If an agreement was not clothed in the form of a stipulation, it must, to be valid, fall under one of the types of real or consensual contracts. A real contract was one requiring that something should be transferred from one party to the other and that the obligation arising should be for the return of that thing. Real contracts included loans of money, loans of goods, deposits, and pledges. Consensual contracts needed nothing except verbal or written agreement between the parties, and though there were only four such contracts known to the law, they were the most important in ordinary life—sale, hire of things or services, partnership, and mandate (acting upon instructions). In Justinian’s day there was a further principle that in any case of reciprocal agreement, such as an agreement for exchange (but not sale), if one party had performed, he could bring an action to enforce performance by the other. In addition to the foregoing contracts, a few other specific agreements were recognized as enforceable, but the general recognition of all serious agreements as binding was never achieved by the Romans.

Quasi-delict covered four types of harm, grouped together by no clearly ascertainable principle. They included the action against an occupier for harm done by things thrown or poured from his house into a public place and the action against a shipowner, innkeeper, or stablekeeper for loss caused to customers on the premises through theft or damage by persons in his service.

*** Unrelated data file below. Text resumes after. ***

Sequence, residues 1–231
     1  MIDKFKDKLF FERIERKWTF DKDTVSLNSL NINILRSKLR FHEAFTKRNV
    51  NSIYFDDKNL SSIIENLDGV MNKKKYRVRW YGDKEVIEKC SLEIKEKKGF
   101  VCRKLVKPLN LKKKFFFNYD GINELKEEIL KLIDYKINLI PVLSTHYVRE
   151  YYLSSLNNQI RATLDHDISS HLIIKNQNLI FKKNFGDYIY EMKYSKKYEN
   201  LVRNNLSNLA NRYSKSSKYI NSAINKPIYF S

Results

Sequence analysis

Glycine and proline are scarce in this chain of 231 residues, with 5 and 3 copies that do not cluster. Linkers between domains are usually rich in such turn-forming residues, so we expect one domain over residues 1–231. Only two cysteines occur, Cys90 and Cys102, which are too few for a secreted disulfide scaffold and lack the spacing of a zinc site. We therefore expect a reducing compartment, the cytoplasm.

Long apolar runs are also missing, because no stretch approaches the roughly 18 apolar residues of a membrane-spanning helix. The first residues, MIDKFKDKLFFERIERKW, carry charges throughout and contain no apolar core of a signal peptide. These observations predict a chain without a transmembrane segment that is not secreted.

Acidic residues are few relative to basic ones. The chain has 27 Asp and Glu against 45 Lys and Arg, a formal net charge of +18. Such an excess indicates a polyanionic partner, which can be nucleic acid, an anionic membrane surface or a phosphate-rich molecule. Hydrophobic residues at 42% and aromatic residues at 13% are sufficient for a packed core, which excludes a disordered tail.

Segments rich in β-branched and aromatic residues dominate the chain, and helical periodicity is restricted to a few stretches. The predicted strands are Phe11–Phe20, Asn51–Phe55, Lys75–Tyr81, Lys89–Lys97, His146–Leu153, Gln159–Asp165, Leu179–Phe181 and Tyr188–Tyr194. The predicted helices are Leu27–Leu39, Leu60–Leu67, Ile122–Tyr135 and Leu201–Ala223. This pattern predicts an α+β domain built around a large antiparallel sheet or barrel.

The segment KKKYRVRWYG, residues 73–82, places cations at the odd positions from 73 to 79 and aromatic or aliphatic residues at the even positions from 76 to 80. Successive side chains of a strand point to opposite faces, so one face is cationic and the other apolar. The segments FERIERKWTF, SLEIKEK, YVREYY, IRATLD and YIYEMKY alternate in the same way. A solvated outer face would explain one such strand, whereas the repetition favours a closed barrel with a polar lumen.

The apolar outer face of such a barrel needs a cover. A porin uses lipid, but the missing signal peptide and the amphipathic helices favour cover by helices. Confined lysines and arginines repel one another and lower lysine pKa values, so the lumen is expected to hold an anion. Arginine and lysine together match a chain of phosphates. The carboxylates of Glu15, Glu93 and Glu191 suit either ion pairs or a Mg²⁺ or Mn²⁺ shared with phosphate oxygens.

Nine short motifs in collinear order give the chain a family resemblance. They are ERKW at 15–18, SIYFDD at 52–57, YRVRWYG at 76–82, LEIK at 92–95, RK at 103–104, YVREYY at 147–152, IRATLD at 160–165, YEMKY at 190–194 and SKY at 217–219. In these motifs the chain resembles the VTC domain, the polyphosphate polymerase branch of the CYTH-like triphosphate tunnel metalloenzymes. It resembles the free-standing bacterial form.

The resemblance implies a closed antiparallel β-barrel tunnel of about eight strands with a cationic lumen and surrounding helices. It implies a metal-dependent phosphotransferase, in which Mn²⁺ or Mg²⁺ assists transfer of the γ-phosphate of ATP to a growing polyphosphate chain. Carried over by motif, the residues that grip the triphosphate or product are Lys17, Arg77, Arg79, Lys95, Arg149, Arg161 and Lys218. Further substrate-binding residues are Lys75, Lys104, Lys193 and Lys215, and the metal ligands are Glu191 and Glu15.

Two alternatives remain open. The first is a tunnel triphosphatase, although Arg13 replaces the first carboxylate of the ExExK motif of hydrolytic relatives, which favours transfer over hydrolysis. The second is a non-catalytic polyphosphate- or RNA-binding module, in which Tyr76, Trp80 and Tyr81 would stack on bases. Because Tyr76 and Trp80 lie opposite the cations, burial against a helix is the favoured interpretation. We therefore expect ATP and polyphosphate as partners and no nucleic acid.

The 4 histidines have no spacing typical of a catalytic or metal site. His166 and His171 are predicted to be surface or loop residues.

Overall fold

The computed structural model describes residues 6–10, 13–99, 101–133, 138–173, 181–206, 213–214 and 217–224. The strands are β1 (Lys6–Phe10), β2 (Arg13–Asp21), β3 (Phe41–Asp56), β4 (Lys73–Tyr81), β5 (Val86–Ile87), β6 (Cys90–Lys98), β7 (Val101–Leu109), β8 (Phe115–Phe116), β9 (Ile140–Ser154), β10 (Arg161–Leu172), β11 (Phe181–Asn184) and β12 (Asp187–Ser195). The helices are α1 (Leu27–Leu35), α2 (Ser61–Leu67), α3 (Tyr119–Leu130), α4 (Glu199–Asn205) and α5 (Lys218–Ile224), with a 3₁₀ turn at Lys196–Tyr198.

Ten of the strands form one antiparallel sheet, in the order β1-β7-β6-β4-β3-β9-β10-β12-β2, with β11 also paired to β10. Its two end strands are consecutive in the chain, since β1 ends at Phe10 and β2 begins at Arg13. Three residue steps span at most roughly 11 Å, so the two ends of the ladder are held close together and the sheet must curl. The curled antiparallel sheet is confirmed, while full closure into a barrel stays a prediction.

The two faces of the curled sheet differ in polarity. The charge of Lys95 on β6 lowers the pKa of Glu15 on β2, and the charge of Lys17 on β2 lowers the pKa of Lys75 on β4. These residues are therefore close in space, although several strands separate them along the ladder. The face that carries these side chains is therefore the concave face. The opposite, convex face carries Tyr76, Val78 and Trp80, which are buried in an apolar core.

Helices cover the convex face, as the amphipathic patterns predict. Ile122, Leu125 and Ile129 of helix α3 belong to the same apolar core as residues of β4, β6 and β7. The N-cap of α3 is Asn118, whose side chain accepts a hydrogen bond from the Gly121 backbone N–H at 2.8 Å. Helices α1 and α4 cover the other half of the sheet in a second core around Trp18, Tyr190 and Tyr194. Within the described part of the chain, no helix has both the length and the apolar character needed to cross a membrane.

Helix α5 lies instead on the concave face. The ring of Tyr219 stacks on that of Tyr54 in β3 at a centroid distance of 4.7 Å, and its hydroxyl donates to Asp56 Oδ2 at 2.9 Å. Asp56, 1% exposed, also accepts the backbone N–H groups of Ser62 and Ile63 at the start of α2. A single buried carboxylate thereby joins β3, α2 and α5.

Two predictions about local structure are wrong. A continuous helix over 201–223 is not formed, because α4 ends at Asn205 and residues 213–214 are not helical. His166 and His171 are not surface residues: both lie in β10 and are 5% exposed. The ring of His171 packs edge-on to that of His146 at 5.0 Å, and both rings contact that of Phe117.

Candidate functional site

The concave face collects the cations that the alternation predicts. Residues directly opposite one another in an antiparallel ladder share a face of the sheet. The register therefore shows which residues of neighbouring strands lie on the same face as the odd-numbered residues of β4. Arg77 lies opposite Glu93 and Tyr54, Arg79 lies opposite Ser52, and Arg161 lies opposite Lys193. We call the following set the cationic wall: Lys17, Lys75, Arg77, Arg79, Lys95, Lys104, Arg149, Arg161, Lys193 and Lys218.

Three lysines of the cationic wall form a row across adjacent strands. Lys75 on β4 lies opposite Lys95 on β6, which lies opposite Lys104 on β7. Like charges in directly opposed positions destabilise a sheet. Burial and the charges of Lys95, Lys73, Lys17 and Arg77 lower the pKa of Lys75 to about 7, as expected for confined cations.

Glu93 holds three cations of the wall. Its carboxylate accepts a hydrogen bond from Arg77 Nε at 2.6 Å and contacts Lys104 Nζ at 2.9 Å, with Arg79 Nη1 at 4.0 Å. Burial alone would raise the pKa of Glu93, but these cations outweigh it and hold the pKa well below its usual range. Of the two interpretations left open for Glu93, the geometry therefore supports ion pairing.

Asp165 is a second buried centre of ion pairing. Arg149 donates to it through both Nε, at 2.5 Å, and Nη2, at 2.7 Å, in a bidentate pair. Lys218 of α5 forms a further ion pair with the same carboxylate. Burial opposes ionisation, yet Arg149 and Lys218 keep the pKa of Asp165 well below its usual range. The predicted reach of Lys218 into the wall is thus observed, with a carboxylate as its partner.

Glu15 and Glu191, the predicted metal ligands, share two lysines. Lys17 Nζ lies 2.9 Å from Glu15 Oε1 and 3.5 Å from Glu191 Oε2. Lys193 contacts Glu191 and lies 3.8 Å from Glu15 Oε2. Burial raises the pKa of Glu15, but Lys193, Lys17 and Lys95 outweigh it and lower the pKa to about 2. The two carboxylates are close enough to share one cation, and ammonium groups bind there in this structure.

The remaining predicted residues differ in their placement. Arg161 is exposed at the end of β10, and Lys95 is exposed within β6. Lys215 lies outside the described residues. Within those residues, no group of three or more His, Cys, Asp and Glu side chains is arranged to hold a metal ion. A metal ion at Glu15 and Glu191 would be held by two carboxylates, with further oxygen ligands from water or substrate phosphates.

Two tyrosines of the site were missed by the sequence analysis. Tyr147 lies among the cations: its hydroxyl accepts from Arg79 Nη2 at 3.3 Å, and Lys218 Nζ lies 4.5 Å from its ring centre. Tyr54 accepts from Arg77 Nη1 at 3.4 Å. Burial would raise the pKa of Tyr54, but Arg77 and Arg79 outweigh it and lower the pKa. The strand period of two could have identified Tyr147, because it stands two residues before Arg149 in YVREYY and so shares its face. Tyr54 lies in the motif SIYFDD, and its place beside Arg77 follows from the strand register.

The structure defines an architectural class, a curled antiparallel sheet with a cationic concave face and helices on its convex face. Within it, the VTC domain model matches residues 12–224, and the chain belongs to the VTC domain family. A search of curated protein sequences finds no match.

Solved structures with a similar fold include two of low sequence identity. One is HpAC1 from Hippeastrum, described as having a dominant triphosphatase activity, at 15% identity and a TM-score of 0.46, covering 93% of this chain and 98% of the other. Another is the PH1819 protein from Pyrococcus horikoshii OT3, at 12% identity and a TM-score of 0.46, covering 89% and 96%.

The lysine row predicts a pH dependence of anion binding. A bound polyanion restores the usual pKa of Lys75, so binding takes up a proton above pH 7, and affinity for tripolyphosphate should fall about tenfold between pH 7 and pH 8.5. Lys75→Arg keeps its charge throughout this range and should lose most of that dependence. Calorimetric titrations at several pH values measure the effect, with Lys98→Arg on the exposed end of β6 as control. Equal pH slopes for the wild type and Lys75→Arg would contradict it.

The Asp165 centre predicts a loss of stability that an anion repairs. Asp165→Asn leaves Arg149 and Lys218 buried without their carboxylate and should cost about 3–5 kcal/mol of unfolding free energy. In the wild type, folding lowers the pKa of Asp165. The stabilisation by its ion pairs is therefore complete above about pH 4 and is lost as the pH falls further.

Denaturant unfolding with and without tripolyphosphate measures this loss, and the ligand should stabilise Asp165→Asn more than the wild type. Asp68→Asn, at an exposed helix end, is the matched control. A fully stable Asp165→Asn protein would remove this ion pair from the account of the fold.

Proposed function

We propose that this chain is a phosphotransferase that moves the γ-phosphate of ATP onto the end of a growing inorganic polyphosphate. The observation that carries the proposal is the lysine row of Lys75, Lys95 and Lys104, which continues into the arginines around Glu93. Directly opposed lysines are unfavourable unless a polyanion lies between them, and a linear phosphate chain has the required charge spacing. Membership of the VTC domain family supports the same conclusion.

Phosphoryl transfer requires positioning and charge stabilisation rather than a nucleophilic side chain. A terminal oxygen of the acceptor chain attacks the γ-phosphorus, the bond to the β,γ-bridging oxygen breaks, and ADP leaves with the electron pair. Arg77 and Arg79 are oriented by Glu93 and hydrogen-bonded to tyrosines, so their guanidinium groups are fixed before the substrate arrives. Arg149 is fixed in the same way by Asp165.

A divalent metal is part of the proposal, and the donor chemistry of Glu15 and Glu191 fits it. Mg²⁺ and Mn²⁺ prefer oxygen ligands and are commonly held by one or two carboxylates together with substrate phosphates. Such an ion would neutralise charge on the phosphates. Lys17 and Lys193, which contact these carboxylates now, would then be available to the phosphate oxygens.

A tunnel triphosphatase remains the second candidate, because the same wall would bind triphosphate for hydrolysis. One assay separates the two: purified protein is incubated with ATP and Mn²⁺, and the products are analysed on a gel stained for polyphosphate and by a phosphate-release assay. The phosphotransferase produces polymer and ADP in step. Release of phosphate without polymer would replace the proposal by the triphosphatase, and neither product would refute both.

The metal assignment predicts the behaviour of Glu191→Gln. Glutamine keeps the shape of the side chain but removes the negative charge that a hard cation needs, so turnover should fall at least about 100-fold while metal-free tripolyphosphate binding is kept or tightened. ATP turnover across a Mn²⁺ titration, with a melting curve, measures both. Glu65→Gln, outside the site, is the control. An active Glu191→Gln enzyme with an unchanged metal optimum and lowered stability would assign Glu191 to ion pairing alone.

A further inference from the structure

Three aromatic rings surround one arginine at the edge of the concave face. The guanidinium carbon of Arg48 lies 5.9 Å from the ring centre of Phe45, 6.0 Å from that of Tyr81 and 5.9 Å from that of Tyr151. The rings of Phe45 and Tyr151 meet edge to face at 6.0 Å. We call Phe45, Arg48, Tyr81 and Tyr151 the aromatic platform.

Quasi-contract embraced obligations that had no common feature save that they did not properly fall under contract, because there was no agreement, or under delict, because there was no wrongful act. The most noticeable examples were, first, negotiorum gestio, which enabled one who intervened without authority in another’s affairs for the latter’s benefit to claim reimbursement and indemnity, and second, the group of cases in which an action (condictio) was allowed for the recovery by A from B of what would otherwise be an unjustified enrichment of B at A’s expense, such as when A had mistakenly paid B something that was not due (condictio indebiti). This notion of unjust enrichment as a source of legal obligation was one of the most pregnant contributions made by Roman law to legal thought.

The law of succession

The law of succession is one of the most complex areas of Roman law. Any Roman citizen who was of age could make a will, but several very formal requirements had to be met for the will to be valid. The first requirement was the appointment of one or more heirs. An heir, in the Roman sense of the term, was a universal successor; that is, he took over the rights and duties of the deceased (insofar as they were transmissible at all) as a whole. On acceptance, the heir became owner if the deceased was owner, creditor if he was creditor, and debtor if he was debtor, even though the assets were insufficient to pay the debts. It was thus possible for an inheritance to involve the heir in a loss. Until Justinian’s day this consequence could be avoided only by not accepting the inheritance, though certain categories of heirs could not refuse. Justinian made one of his most famous reforms by providing that an heir who made an inventory of the deceased’s assets need not pay out more than he had received. Freedom of testation, furthermore, was not complete: a man was obliged to leave a certain proportion of his property to his children and in some cases to ascendants and brothers and sisters.